In early 2006 Onagawa council and local businesses banded together in what they saw as an attempt to save the future of their town. With the express intention of giving local youngsters a reason to remain there after graduating from high school, they set up something that Onagawa had never really had before: a football club. But it was a club with a mission. The idea was that kids, teenagers and 20-somethings would want to participate in the development within their own community of a club that specifically targets a place in Japan’s professional league, the J-League, alongside the likes of Kashima Antlers, Urawa Reds and the area’s top team, Vegalta Sendai.
And so, under the English slogan We Create A New Fun For A New Active Lifestyle, Cobaltore Onagawa was born. The club’s name reflected the blue waters of the Pacific to which the town owed its livelihood and the players were mostly ex-university students, who took jobs in the fish processing factories and attended football training in the evenings; the management and sponsors scraped together enough money to bring in former international midfielder Nobuo Fujishima as coach.
Entering the Ishinomaki City League, Cobaltore won all eighteen of their matches in the 2006 season, scoring 127 goals in the process. Things weren’t so straightforward the following year in the Miyagi Prefectural League but even so promotion was again achieved, to Division 2 (South) of the Tohoku League, one of nine regional leagues that constitute the second tier of Japan’s non-league pyramid. Since then, under player-coach Reiji Nakajima, the team have spent a single season in Division 1 but there their progress stalled and Cobaltore were preparing for a 2011 campaign back in Division 2 when the tsunami struck.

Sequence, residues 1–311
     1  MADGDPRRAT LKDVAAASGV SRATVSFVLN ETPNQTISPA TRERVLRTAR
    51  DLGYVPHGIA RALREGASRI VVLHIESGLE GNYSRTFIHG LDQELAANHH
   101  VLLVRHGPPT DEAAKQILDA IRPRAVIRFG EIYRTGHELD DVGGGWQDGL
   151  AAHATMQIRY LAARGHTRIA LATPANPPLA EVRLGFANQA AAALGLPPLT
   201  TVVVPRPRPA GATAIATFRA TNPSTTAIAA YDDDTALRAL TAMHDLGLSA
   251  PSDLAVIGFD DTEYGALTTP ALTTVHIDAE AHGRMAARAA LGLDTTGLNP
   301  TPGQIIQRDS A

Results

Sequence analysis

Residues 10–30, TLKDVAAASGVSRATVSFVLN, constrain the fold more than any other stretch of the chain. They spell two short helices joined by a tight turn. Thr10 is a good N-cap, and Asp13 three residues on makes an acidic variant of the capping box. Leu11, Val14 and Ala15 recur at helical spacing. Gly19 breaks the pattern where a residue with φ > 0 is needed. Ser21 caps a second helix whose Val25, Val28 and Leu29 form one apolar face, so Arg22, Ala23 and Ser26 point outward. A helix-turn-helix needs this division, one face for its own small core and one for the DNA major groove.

Some might now ask what the point is of a football club when the community that it was established to represent barely exists anymore. And that must be where Sir Bobby Robson’s sense of belonging and pride come in. Two weeks after the disaster Cobaltore’s general manager Koichi Omi announced that the main football-related activities of the club would for the foreseeable future be suspended. Members of the first team who have stayed in Onagawa are eating and sleeping at one of the factories, spending their time on clean-up work and planning football games with kids who are among the 800 people that now call the Onagawa municipal sports hall home.
When he’s not writing books about Japanese non-league football, Omiya Ardija fan Mike Innes regularly composes posts of equal brilliance on the superb Go Go Omiya Ardija site.You can follow him on twitter here or here.
この記事への関心があったことから、女川町再建への資金を募るため Onagawa Supporters「女川サポーターズ」を立ち上げました。ただ今、ウェッブサイトを製作中です。このサイトには女川町とそのサッカークラブの情報、そして募金振込先のペイパル口座へのリンクを記載する予定です。
女川サポーターズへのコンタクトは英語、または日本語で email@example.com までお願いします。
As a result of interest surrounding this article, an international campaign called Onagawa Supporters is being established to raise funds for the rebuilding of Onagawa. A website and Facebook page have been set up containing information about the town and its football club, together with a link to a Paypal account via which donations can be made.
In the meantime, for news of the campaign please follow Onagawa Supporters on Twitter at twitter.com/OnagawaSapo.
You can also contact Onagawa Supporters in English or Japanese via email at firstname.lastname@example.org.